Scripture Usage of נֶפֶשׁ (nephesh) and רוּחַ (ruach),
of the Corresponding Greek Words.

By Prof. James Strong, S. T. D.,

Drew Theological Seminary, Madison, N. J.

Taken from THE HEBREW STUDENT Volume 2 Issue 4 December 1882

These words are variously rendered in our Bibles, and they really have different senses according to the context and application; but there are certain distinctions invariably maintained between them, although these are not accurately represented by the ordinary uses of the English terms “soul” and “spirit.”

It will be found that נֶפֶשׁ and ψυχη very closely agree together, both being derived from verbs (נפשׁ and ψίχω) which primarily signify to breathe (see Job xli. 21 [13]) as a sign of life, and frequently referring to the refreshing coolness of air in gentle motion. These two words therefore denote the animating principle which distinguishes active creatures. Yet they do not mean simple vitality, for neither of them is ever applied to plants; but נֶפֶשׁ at least is occasionally spoken of a human corpse as having been the seat of life. Again they do not denote incorporal beings, for they are never used of angels nor (except in a few phrases where they are equivalent simply to self) of God (as figuratively of Sheol, Isa. v, 14). They are both nomena, applied indifterently to human beings and to animals.

On the other hand רוּחַ and πνεῦμα are equally allied to each other, both springing from roots (רוּחַ and πνέω) signifying to blow, and often used literally of wind or an inviolent motion. They are regularly spoken of angels (whether good or bad) and of God, but are never applied to beasts except in very few passages (Gen. vi. 17, vii. 15, 22; Ps. civ. 29 ; Eccles. iii. 19, 21) by way of Zeugma with man.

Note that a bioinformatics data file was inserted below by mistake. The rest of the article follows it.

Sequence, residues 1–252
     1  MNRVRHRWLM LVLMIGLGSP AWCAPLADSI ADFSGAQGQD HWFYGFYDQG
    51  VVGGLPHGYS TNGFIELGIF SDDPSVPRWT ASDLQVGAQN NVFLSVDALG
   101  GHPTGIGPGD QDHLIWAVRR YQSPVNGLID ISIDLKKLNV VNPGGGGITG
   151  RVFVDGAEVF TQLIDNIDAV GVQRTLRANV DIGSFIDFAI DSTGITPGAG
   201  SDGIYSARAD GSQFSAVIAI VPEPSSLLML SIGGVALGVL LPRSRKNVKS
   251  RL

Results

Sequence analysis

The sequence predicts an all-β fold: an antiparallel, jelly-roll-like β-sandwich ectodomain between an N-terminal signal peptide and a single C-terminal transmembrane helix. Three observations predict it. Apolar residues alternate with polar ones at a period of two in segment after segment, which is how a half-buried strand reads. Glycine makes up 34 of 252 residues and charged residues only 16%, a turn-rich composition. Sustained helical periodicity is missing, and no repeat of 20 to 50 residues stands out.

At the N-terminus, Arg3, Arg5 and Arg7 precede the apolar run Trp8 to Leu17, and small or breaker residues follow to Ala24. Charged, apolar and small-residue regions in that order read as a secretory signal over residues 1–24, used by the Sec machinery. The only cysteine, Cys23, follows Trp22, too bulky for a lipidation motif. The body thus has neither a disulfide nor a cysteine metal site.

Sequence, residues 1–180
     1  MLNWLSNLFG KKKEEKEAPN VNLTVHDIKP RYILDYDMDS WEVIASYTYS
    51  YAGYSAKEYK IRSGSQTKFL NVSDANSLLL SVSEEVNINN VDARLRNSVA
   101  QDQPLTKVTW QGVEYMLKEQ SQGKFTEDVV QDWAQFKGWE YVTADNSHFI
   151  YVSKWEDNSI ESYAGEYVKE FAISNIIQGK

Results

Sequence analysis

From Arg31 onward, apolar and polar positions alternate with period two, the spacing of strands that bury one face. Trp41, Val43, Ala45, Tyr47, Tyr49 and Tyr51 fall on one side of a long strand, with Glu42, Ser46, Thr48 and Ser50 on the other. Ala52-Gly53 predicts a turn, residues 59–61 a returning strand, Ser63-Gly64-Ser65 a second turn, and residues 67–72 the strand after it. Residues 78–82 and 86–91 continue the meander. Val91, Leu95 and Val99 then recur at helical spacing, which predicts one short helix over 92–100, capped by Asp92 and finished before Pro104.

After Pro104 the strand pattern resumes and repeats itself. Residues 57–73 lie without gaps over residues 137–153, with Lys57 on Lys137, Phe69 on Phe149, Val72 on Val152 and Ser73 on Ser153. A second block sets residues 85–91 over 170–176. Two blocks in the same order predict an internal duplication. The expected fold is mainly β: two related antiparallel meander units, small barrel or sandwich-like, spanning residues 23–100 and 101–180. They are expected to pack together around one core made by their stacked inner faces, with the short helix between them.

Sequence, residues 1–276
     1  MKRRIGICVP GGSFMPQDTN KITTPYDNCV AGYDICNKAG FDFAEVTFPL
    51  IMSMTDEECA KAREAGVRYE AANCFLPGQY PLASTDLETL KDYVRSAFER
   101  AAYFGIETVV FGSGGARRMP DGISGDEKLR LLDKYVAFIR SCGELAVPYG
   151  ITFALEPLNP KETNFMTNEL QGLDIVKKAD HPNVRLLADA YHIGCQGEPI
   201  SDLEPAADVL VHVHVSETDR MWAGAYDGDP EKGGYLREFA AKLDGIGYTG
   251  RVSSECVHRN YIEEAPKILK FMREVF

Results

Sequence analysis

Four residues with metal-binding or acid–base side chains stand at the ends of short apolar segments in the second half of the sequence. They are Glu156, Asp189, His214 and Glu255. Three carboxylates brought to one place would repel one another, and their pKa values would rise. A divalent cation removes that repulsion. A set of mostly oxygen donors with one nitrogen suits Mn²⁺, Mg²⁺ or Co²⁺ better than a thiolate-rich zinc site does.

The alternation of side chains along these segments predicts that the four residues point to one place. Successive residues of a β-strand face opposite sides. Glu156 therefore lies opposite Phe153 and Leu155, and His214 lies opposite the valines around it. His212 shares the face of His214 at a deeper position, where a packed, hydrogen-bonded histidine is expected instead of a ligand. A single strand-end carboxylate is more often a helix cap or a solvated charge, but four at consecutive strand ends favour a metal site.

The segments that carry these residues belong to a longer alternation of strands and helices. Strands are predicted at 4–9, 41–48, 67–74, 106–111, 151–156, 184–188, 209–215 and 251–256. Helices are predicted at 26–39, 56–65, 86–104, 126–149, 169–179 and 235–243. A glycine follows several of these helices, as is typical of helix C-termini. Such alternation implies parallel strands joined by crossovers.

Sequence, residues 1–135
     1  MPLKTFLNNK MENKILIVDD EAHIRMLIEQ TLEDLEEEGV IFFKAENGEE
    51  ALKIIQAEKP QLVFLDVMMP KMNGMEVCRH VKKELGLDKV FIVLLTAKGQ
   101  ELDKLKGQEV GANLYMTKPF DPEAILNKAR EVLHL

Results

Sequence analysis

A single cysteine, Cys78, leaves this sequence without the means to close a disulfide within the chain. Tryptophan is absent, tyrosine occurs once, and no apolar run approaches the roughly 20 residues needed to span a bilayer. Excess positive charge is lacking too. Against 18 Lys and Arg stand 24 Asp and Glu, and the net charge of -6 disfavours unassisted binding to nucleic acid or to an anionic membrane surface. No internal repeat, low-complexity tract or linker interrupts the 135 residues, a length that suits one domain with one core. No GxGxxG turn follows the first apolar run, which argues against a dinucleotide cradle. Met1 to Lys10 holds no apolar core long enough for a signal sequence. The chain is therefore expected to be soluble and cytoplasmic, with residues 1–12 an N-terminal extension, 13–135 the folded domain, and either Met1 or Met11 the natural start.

It thus appears that these two sets of words properly represent respectively the lower order of animated creation and the higher range of intellectual and moral beings. In as much as man partakes of both these elements, having a vital, moving, sensitive body, as well as a consciously rational and accountable soul, he may appropriately be designated by either of them, as viewed from the animal or spiritual side. Accordingly we find them applied almost indiscriminately to him as a living sentient being. The sacred writers do not nicely distinguish, at least by their use of these terms, between his different faculties, although נֶפֶשׁ and ψυχη seem to point more or less directly to the passions and emotions which characterize him bodily and personally, while רוּחַ and πνεῦμα relate rather to those trials which befit him mentally and morally. In a few passages (especially of the New Testament, e. g. 1 Cor. XV. 45; 1 Thes. v. 23) this line of demarcation is somewhat sharply defined; and in the adjective forms ψυχικός and πνευματικός a similar distinction appears, but is usually turned in the Christian direction of the natural as opposed to the regenerate state, once (1 Cor. xv., 44) of the body as subject to a kindred change in the resurrection.